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“Everybody’s Got Something to Hide Except For Me and My Monkey”

Listen to “Everybody’s Got Something to Hide Except For Me and My Monkey”

JOHN 1980: “That was just a sort of nice line that I made into a song. It was about me and Yoko. Everybody seemed to be paranoid except for us two, who were in the glow of love. Everything is clear and open when you’re in love. Everybody was sort of tense around us– you know, ‘What is SHE doing here at the session? Why is she with him?’ All this sort of madness is going on around us because we just happened to want to be together all the time.”

About “Everybody’s Got Something to Hide Except For Me and My Monkey”

“Everybody’s Got Something to Hide Except Me and My Monkey” is a song featured on 1968 double album, commonly known as the “White Album.” The song was written by John Lennon and credited to the Lennon–McCartney songwriting partnership. The inspiration for the lyrics came from the teachings of Maharishi Mahesh Yogi, whom the Beatles studied Transcendental Meditation under in India in early 1968. Many of the song’s lines are direct quotations from the Maharishi’s expressions related to meditation. George Harrison noted that, besides the reference to a monkey, the rest of the lyrics were drawn directly from the Maharishi’s teachings.

John Lennon later explained that the song dealt with the initial disapproval he faced from his bandmates regarding his relationship with Yoko Ono. Lennon’s recollection was that, during that period, he and Ono were deeply in love and impervious to the concerns and tensions surrounding them. Paul McCartney, however, believed that the song had an alternate meaning, interpreting “monkey” as a reference to heroin, a drug associated with the term. He recalled that Lennon used language related to drug use, which the rest of the band wasn’t as familiar with.

Originally titled “Come on, Come on” by Lennon, an early demo of the song was recorded at George Harrison’s Esher home in May 1968. This version featured acoustic guitars and percussion and had a more relaxed style compared to the final version on the White Album. The Beatles recorded the final version during the sessions for the White Album. Ian MacDonald, a music critic, noted that this recording marked Lennon’s return to a more rock-oriented sound after the band’s psychedelic phase. The basic track was worked on at EMI Studios on June 26, but those takes were ultimately discarded in favor of a new recording the following day. This marked the Beatles’ first full group session in a while, as George Harrison had been in California filming a documentary, and Ringo Starr had accompanied him to escape tensions within the band.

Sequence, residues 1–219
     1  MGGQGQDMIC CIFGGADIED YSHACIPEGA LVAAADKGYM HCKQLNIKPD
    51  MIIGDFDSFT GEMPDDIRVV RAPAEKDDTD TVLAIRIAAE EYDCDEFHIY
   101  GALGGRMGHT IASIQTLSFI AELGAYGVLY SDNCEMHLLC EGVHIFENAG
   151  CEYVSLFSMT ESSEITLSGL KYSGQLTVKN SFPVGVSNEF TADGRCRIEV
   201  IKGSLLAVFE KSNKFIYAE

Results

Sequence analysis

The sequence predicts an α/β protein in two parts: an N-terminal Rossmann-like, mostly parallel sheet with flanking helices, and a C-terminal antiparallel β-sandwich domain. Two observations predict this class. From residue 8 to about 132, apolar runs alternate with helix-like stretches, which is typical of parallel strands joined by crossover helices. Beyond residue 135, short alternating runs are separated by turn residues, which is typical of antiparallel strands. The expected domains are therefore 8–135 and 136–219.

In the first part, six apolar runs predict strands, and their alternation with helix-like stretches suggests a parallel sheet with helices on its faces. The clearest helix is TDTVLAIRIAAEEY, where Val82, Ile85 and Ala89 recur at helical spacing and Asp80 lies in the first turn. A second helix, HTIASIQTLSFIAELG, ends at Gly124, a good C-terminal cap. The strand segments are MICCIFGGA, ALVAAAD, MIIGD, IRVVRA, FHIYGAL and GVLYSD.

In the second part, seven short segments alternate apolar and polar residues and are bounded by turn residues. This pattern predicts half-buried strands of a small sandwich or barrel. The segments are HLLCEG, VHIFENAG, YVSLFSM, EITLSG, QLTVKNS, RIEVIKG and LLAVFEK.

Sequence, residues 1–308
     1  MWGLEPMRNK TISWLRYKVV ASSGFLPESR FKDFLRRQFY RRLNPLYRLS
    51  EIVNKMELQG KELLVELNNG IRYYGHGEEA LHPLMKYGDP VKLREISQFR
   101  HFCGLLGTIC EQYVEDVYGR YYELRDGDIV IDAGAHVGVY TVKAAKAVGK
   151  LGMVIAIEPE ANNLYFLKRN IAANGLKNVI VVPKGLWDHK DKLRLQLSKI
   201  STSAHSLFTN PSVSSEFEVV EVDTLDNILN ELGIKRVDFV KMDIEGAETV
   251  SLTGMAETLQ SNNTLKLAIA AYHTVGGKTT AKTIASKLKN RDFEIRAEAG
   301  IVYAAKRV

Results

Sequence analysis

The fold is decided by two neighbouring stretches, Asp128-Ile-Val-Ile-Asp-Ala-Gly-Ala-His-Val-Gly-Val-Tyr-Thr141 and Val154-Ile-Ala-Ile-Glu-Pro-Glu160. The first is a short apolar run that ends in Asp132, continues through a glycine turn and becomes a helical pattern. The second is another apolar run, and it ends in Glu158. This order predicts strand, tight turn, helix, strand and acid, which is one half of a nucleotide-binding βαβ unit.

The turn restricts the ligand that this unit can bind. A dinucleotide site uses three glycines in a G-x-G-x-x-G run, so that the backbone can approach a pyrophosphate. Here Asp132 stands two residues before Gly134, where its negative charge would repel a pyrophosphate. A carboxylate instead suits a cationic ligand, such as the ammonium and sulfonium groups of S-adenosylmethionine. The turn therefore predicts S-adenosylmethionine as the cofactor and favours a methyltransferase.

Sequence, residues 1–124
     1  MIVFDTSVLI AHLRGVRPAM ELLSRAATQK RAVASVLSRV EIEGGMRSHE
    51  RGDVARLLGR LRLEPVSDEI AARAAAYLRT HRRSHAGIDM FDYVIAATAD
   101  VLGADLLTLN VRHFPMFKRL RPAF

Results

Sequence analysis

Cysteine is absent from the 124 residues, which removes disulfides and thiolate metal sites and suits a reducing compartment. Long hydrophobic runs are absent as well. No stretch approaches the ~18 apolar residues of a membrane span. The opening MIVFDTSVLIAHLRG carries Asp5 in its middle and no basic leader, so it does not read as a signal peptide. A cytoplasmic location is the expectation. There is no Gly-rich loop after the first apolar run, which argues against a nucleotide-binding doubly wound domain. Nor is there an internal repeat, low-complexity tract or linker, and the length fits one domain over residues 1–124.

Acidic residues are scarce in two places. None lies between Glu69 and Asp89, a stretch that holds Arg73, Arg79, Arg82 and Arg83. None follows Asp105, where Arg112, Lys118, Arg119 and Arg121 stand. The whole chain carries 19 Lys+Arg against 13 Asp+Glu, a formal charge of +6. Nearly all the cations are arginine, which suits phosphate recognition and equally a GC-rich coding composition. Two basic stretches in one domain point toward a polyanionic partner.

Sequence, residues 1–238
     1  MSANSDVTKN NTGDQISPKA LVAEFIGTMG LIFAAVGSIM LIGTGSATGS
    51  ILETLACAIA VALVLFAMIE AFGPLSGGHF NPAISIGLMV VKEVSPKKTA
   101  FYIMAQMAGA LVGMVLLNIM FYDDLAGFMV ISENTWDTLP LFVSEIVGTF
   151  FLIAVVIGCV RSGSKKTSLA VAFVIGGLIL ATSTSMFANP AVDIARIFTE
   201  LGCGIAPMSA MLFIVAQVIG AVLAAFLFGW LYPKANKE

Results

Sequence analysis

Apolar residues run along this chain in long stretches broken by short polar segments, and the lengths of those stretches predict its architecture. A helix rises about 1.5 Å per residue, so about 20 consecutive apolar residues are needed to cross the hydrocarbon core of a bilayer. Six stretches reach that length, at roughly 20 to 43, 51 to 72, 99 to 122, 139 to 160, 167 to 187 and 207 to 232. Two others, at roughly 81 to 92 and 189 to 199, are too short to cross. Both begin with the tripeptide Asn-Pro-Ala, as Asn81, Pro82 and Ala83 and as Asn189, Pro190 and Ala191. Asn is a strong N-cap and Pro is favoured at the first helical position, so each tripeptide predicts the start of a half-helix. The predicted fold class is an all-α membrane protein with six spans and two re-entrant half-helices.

Harrison’s time away had led to his renewed commitment to the guitar, which was evident in his contribution of a dynamic lead guitar part to “Everybody’s Got Something to Hide Except Me and My Monkey.” The final recording also included overdubs like handclaps, background shouting, an additional snare drum, and a second bass part by Paul McCartney. The recording was slightly sped up during production, raising the song’s key from D major to E major. Stereo mixing was completed on October 12.

Overall, “Everybody’s Got Something to Hide Except Me and My Monkey” is a significant track in the Beatles’ catalog, representing a shift in their musical style during 1968, and offering insight into John Lennon’s personal life and relationships during that time.

Meaning of “Everybody’s Got Something to Hide Except Me and My Monkey”

The meaning of “Everybody’s Got Something to Hide Except Me and My Monkey” has been the subject of much speculation and interpretation. John Lennon, who wrote the song, offered some insights into its meaning.

In interviews and statements, Lennon explained that the lyrics reflected the sense of isolation he and Yoko Ono felt at the time. He felt that he and Ono were in a state of blissful love, seemingly immune to the concerns or judgments of others. The “monkey” in the title is often considered to be a metaphor for the private and unique relationship between Lennon and Ono. It represented a kind of sanctuary or refuge from the outside world.

However, there are other interpretations. Paul McCartney, for instance, believed that the term “monkey” could be a reference to heroin, a drug that was unfortunately prevalent in the music scene at the time. In this context, the song might be expressing Lennon’s sense of detachment from or indifference to the struggles and vices of others.

The ambiguity of the lyrics and the various interpretations offered by Lennon, McCartney, and other band members contribute to the enduring fascination and mystery surrounding this song. Ultimately, the true meaning might be open to personal interpretation and may vary depending on the listener’s perspective and experiences.


  • John Lennon – double tracked lead vocal, rhythm guitar, handclaps
  • Paul McCartney – backing vocal, bass, second bass, hand bell, chocalho, handclaps
  • George Harrison – backing vocal, lead guitar, handclaps
  • Ringo Starr – drums, handclaps

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